One final note, the demo is timed. That’s right, the demo ends after you play for thirty minutes. I have trouble understanding the reasons behind a timed demo, especially one where there is so much to do. Rather than have a ton of time to learn some of the controls and get comfortable with the environment, I was forced to take a kid in the candy store approach of just running around aimlessly trying to take everything in all at once. It’s a shame and Eidos and all the other game developers should take note. If you plan on releasing an awesome demo, don’t punish us with a time limit. That being said, you can just restart the demo once time expires, but again it’s just frustrating.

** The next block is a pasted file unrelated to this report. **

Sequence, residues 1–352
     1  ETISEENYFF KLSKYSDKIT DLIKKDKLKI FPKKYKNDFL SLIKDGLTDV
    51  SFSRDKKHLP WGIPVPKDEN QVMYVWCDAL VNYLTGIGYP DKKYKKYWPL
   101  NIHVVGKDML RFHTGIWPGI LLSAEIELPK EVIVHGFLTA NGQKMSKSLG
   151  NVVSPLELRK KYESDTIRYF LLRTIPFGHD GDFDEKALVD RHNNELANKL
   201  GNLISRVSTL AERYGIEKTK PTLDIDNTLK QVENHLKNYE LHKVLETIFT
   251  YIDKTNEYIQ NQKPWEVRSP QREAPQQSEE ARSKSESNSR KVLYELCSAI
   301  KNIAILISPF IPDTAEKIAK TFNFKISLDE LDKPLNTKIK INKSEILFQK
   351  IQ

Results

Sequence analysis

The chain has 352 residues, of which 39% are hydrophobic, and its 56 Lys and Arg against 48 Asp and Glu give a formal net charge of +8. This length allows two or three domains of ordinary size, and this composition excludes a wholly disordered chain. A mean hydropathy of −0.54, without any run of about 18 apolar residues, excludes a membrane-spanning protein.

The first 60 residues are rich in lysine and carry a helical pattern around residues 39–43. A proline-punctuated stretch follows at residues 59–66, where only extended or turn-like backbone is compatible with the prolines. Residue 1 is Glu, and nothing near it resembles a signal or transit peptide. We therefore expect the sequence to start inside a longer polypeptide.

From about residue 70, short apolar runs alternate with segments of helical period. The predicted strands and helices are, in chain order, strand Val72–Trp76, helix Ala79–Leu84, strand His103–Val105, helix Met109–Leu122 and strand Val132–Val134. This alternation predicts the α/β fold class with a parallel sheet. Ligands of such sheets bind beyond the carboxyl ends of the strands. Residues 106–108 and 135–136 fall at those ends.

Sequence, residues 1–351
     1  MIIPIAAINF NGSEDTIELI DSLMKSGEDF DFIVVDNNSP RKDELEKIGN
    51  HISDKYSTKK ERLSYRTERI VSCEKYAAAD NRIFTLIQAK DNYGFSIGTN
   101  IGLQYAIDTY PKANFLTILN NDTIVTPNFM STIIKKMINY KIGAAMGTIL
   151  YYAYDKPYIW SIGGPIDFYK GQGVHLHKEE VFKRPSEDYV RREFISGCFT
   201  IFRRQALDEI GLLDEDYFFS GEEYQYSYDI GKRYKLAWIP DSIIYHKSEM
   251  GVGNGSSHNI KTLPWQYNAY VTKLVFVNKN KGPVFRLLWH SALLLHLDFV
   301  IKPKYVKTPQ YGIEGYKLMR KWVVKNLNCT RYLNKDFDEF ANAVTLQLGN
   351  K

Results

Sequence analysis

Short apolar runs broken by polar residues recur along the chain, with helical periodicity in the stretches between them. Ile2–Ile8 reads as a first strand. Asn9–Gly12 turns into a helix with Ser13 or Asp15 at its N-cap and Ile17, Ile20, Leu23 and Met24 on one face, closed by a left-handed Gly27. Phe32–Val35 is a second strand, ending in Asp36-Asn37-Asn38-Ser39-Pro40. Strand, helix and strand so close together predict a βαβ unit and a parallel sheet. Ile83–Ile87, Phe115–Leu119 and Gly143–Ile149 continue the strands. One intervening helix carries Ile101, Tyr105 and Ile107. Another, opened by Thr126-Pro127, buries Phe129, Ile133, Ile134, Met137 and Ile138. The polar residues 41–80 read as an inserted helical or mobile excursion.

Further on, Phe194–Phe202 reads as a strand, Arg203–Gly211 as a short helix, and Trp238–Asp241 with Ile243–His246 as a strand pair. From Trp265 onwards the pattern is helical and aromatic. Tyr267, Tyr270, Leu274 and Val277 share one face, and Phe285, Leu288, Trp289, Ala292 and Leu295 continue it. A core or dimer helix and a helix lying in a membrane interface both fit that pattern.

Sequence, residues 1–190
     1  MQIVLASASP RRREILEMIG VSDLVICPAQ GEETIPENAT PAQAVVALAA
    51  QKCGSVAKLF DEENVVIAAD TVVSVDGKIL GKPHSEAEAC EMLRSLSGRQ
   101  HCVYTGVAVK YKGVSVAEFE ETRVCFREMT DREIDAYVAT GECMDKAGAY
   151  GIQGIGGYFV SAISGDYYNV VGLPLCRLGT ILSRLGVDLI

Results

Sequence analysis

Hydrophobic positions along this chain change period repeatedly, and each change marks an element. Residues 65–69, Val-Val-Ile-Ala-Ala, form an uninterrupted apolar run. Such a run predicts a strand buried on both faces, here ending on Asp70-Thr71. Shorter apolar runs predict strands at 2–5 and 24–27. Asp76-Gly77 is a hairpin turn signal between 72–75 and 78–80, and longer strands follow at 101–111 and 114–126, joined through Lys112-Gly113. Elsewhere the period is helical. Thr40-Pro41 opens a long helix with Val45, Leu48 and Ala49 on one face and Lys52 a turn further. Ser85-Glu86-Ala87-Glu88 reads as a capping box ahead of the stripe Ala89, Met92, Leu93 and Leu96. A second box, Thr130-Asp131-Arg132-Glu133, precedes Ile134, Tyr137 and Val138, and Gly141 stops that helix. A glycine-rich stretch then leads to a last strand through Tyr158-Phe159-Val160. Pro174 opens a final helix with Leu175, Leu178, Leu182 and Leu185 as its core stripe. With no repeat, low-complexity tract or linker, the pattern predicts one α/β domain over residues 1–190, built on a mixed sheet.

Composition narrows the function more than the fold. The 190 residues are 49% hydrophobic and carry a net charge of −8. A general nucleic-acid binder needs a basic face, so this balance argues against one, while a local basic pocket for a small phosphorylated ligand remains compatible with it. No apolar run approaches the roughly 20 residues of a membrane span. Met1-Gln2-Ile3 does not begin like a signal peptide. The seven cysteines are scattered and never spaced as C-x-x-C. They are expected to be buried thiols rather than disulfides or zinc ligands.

This is a demo, so I suppose some aspects of the game might still change before its release. However, with the release date just a couple weeks away I have trouble believing that any significant changes are going to be made that will alter the final product much. That being said, the demo has done nothing but made me more excited for Just Cause 2. As long as it avoids any issues with bugs and glitches, this game will not only surpass the original, but it might find itself near the top of the open world “sandbox” genre once all is said and done.